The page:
It is hardly surprising that he was so loved in the Regiment, that so many former comrades kept in touch with him. It is hardly surprising that he was asked to become chairman of the Regimental Association and that his speeches at regimental reunions are remembered with such affection. Twice he served with the Regiment’s Territorial Army associated Regiment, The Northumberland Hussars, and it is a fitting tribute to him that so many have travelled all the way from “Geordie land” to be here today. The Regimental motto is the Latin word “merebimur”. Strictly speaking this has a range of meanings: we will serve; we will deserve; or we will win. I think you will agree that any of those translations fit Kit to a tee. He was indeed a winner.
In 1964 Kit married Ashy. Later, a favourite saying of Kit’s was to become “get your priorities right.” My goodness he got his priorities right that year. And from that moment Ashy and later their three wonderful children were Kit’s one and only real priority. Everybody who knows them cannot help being impressed by what a close and loving family they are.
In 1967 Kit left the Army and settled permanently at Llansantffraed. But nothing changed. It was just that other people benefited from his sense of service, his concern for people in all walks of life, his encouragement and his unwavering integrity. Everyone in the parish loved him for his involvement and his commitment. He was church warden. He read the lesson. Only the week before he died he conducted a fund raising auction at which, in an atmosphere of great hilarity, he managed to sell a bag of melting ice. He did a number of things. There was fish farming, there were the Welsh Black Cattle and the Black Welsh sheep. Finally, there was the Country Landowners Association which he loved. As a member, I know just how deeply he was appreciated. He would take as much trouble over helping the small holder with just a few acres as he did for someone with huge estates. He loved meeting people and travelled all over Wales. Often as he drove round with Ashy he would say as they passed the end of a remote lane: “I had a wonderful tea with welsh cakes up there.
He and Ashy, jointly, conducted CLA tours to the Far East, India, South Africa, Kenya and Zimbabwe. People who went on those tours tell of how Kit’s thoughtfulness over details, particularly for the elderly or disabled, made all the difference for them.
And, of course, Kit’s service in the county has been just as unstinting and devoted in many spheres. In 1988 he was High Sheriff. He was a Deputy Lieutenant. He was involved in the Royal British Legion and countless other interests. He was always to be seen supporting this cause or that. Very many people have said that their hearts lightened when they saw that Kit was at a party. And Polly and I have shared that reaction.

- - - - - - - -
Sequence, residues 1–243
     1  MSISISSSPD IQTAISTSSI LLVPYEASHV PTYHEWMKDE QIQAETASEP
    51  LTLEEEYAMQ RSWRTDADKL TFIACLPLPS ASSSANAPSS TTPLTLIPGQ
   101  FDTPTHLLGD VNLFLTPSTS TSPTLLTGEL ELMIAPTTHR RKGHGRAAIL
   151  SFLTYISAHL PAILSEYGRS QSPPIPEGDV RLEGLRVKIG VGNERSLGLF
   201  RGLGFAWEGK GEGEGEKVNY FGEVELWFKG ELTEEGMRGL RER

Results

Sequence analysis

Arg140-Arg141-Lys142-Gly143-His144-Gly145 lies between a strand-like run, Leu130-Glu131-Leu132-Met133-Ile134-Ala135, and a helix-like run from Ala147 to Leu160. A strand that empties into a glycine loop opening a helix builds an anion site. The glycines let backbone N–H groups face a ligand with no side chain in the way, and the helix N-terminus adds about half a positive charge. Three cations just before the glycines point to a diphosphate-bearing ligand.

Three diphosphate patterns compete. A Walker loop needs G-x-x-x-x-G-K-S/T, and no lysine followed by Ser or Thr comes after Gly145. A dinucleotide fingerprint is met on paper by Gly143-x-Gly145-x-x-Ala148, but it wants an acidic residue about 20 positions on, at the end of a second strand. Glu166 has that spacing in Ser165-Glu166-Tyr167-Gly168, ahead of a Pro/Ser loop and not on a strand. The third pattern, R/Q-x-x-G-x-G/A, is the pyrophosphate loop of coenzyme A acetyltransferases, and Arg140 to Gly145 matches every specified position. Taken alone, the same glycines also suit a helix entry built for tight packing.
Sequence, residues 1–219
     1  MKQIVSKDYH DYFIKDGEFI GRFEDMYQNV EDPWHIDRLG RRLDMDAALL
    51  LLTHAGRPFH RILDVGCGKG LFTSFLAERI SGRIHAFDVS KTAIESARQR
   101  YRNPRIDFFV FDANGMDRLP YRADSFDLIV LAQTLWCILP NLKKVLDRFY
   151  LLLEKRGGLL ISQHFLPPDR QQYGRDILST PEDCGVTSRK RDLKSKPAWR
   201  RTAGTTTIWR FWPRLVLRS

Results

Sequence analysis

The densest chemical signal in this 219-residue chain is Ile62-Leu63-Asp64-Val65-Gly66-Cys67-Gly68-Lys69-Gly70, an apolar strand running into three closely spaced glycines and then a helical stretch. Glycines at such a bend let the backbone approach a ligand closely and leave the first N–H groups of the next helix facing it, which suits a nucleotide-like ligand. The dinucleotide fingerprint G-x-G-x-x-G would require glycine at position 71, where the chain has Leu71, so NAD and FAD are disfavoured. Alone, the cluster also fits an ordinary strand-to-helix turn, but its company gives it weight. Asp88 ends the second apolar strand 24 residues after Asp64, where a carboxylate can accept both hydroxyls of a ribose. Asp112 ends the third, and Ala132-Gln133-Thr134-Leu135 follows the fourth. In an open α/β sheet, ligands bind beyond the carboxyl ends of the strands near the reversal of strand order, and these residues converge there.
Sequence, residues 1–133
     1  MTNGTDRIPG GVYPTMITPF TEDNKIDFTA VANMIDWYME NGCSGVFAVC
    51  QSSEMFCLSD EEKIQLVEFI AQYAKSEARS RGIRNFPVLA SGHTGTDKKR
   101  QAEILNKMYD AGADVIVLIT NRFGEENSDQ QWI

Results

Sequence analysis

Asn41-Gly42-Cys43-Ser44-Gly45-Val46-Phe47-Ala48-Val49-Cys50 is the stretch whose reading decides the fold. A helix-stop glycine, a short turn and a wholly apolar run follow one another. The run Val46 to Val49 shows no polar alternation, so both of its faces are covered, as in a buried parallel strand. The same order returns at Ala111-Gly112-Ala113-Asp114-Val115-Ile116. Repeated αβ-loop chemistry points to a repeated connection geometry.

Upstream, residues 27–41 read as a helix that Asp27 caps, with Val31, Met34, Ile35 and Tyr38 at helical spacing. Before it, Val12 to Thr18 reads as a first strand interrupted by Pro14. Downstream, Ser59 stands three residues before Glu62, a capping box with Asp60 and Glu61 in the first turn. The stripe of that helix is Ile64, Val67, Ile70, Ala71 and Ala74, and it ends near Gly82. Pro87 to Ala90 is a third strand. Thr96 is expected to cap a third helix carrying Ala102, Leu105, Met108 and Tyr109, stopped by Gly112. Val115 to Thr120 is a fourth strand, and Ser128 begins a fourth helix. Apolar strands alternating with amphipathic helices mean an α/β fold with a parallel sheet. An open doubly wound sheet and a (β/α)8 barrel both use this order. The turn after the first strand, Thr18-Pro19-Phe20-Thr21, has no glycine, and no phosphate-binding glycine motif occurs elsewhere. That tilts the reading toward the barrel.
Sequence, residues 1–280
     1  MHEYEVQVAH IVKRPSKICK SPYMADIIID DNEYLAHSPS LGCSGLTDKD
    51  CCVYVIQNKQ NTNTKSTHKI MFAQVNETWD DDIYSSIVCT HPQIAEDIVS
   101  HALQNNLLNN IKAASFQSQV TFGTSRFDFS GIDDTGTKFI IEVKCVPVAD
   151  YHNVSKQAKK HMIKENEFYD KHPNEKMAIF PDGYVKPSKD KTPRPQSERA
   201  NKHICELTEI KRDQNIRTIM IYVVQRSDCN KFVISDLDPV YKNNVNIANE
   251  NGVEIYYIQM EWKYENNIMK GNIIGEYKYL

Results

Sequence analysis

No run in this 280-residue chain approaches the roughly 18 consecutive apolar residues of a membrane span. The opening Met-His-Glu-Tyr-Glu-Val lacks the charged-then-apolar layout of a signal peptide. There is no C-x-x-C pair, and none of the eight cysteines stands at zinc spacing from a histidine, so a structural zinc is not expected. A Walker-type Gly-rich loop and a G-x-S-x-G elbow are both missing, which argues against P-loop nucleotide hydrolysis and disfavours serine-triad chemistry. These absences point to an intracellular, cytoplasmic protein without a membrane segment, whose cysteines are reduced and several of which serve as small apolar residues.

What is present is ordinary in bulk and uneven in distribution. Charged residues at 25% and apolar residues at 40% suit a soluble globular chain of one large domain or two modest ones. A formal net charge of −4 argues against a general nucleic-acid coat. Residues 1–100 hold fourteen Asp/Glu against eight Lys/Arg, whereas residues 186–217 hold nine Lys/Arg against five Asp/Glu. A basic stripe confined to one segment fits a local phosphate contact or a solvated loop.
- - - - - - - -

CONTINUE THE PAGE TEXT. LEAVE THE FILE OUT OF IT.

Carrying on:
To Kit, Ashy and his children were every thing. He, rightly, was immensely proud of them. Their memories of Kit are the most precious of all. They will be of calmness and stability; of Kit’s unfailing flair for getting things exactly right; of his ability to organise without ever being bossy; that he valued each one of them for being themselves, regardless of success or failure; of the thoughtful way that he entered with enthusiasm into their projects; of the annual cricket match he organised for Andrew at which everybody was made to feel important whether they made a century or scored a duck. They will remember his fun and his laughter. They will remember him as the perfect teacher, but teaching only by encouragement and example. They will remember him, as will many, many friends as the countryman, never more contented than out with his gun with a dog at his heels, or with a fishing rod in his hands. They will be thankful that he died doing what he loved, out shooting with his friends, and with a smile. He was in every sense a perfect gentle man.
We all have so much to be thankful for in his life. Especially we must be thankful for the firmness of his faith, and that he was able to share that with Ashy. For him, without belief in God, life was meaningless. In fact he lived the family motto “Without the Lord in vain.” One thing we can be certain about: Kit did not live in vain. We must be thankful that he is now utterly free and at rest in the arms of his maker. Though, like most British people, he would not have worn his heart on his sleeve, no one would have been surer than Kit of Christ as both his personal saviour and as the light of the world, the light which overcomes darkness. We, today, can rejoice that Kit has already achieved his salvation, and that, although his earthly light has gone out, it shines brightly and strongly in paradise.